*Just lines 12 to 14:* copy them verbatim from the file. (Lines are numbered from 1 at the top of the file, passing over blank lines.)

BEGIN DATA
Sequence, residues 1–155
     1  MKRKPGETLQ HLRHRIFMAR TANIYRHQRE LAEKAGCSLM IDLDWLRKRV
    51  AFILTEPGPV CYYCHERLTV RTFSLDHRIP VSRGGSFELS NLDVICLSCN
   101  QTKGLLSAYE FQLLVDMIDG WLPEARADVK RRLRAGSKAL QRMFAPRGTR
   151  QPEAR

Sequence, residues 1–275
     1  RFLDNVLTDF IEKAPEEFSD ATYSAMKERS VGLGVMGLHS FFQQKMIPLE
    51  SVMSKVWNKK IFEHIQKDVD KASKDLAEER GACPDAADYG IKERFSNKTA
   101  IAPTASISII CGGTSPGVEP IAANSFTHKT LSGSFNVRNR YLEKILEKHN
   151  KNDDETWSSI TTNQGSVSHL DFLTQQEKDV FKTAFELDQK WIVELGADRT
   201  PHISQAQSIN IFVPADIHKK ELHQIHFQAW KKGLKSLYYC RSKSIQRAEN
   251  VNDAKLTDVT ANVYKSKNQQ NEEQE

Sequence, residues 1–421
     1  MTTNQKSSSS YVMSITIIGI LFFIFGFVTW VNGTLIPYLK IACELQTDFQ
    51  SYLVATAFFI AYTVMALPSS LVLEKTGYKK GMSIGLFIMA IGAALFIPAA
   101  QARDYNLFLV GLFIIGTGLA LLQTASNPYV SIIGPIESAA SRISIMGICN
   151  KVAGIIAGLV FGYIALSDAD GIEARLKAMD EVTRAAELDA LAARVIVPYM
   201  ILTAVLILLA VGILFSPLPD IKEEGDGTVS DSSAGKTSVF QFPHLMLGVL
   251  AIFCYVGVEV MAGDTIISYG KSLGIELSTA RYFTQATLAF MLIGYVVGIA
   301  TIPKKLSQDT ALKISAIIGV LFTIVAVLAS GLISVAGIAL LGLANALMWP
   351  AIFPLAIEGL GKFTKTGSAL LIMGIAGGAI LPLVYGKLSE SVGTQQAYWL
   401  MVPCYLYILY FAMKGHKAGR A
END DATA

   251  VNDAKLTDVT ANVYKSKNQQ NEEQE

Sequence, residues 1–421
     1  MTTNQKSSSS YVMSITIIGI LFFIFGFVTW VNGTLIPYLK IACELQTDFQ